Shannen Dee Williams, an assistant professor of history at Villanova University, is writing a book on the history of black religious sisters in America and the way they took on racism and institutional barriers to entry in religious life. Their story is, she says, an overlooked one, and one that American Catholics need to hear and know.
“We made the church Catholic,” Williams recalls the sisters telling her. “Racial segregation, exclusion have no place in the Catholic Church. If we had not fought to answer God’s call on our lives but also fought to serve our communities, the church would not be where it is today.”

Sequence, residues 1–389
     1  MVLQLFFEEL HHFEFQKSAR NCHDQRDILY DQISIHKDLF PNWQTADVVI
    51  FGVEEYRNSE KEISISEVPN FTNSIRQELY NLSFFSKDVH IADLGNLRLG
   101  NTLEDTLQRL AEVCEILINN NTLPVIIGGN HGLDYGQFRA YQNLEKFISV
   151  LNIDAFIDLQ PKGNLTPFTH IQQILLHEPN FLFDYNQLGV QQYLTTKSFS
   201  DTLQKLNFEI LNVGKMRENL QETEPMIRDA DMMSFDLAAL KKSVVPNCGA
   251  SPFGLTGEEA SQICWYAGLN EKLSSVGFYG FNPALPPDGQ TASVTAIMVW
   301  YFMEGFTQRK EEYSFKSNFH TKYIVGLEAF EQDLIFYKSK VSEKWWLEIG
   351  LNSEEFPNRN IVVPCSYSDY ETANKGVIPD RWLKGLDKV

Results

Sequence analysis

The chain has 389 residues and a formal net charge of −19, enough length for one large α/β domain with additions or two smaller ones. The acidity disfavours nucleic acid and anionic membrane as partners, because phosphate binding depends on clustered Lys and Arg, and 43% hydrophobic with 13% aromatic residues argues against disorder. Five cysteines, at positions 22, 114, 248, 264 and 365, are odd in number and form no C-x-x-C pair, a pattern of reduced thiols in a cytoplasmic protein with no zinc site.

The first black female religious orders in the United States were founded in the early 19th century, in part because other orders would not accept black women. Williams says that it wasn’t until World War II that religious orders began to desegregate.
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